Chin Wag At The Slaughterhouse: Interview With Denise Baer

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Denise Baer has her first novel out in Net Switch. It is a psychological suspense narrative that explores mental illness. Told in journal form, the novel is about an online relationship that becomes predatory. Denise met me at The Slaughterhouse where we talked about rehabilitation and surveillance.

Tell us about Net Switch.

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‘Net Switch’ by Denise Baer – see below for buy links

Net Switch is a dark, psychological novel that touches on themes of loneliness and mental illness. Set in Chicago and Seattle, Net Switch is true to the suspense genre in keeping readers on the edge of their seat with twists and turns.

A woman, Sydney Hayes, is trying to get out of a mental institution. For her to accomplish this she must hand over her prize possession—her journal. There is only one man with the means to save her, so she entrusts him with her personal thoughts and emotions.

Told in journal form, readers watch an insecure woman crumble before their eyes through first person narrative. At the beginning, Sydney finds herself in an internet chat room in hopes of expelling her loneliness. Enchanted by a stranger, she soon finds herself caught up in an affair that swiftly spills over into her real life, and before she knows it, he’s in control. After chiseling away at her independence, he takes her against her will and begins playing with her, situations becoming more sinister than the last one.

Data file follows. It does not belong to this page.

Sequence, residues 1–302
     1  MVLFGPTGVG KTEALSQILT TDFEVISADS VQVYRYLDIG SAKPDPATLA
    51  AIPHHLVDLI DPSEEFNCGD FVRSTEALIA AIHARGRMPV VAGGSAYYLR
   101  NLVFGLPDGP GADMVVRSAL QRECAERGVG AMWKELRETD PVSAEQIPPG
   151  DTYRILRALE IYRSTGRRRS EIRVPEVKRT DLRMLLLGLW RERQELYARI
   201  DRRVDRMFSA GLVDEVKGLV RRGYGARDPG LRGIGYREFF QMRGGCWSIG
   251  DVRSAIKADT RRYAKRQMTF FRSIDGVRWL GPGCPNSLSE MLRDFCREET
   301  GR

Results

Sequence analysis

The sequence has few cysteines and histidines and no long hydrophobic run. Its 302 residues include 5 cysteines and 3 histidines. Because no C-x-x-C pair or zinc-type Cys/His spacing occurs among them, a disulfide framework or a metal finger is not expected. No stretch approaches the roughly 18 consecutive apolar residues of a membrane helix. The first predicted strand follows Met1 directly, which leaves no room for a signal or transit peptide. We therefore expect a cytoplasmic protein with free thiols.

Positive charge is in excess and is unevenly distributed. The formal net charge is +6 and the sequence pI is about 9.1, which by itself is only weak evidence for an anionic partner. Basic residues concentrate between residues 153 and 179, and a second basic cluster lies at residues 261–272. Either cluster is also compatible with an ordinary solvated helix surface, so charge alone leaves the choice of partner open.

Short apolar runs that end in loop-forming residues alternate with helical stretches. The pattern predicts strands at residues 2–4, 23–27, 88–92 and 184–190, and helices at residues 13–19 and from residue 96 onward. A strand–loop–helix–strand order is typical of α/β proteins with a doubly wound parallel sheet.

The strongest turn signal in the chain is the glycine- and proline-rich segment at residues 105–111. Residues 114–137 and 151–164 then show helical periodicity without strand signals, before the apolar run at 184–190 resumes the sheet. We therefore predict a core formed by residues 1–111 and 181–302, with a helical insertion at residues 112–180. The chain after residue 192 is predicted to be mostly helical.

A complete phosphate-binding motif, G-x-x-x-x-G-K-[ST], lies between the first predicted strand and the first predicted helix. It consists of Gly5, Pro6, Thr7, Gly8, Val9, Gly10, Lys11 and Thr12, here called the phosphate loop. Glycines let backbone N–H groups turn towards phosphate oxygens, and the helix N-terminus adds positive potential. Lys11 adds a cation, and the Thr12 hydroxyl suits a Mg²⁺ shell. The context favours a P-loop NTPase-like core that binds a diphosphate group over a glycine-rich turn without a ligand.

Trapped from fear, Sydney seeks solace halfway across the country, in Seattle, obtaining a new identity. She begins to rebuild her confidence, reclaims her life, and befriends a neighbor. Time and exposed secrets bring them close, but the man she is running from begins to show signs that he is near. Sydney must decide how to turn from hunted to hunter, and her journal holds the key to the switch.

Do you think the rehabilitation of mentally ill people may ultimately make them subservient to those same social or familial forces that made them ill?

I believe the human brain is complex. Fortunately, I’ve never had to witness a loved one struggle with mental illness. I think of the brain much like a map of global highways and roads. These roads carry information and messages for emotions, intelligence, personality, etc., and sometimes roads of information are or become damaged. In some cases, beyond repair.